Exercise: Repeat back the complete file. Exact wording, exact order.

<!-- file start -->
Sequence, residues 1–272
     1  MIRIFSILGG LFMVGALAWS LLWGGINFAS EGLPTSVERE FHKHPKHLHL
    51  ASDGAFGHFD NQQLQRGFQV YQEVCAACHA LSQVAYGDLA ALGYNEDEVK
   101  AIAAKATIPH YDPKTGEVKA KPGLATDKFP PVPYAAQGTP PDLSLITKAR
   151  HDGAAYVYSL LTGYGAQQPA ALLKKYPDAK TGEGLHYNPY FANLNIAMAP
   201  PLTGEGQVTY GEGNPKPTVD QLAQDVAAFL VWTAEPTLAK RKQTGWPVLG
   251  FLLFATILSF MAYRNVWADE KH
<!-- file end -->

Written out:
Sequence, residues 1–272
     1  MIRIFSILGG LFMVGALAWS LLWGGINFAS EGLPTSVERE FHKHPKHLHL
    51  ASDGAFGHFD NQQLQRGFQV YQEVCAACHA LSQVAYGDLA ALGYNEDEVK
   101  AIAAKATIPH YDPKTGEVKA KPGLATDKFP PVPYAAQGTP PDLSLITKAR
   151  HDGAAYVYSL LTGYGAQQPA ALLKKYPDAK TGEGLHYNPY FANLNIAMAP
   201  PLTGEGQVTY GEGNPKPTVD QLAQDVAAFL VWTAEPTLAK RKQTGWPVLG
   251  FLLFATILSF MAYRNVWADE KH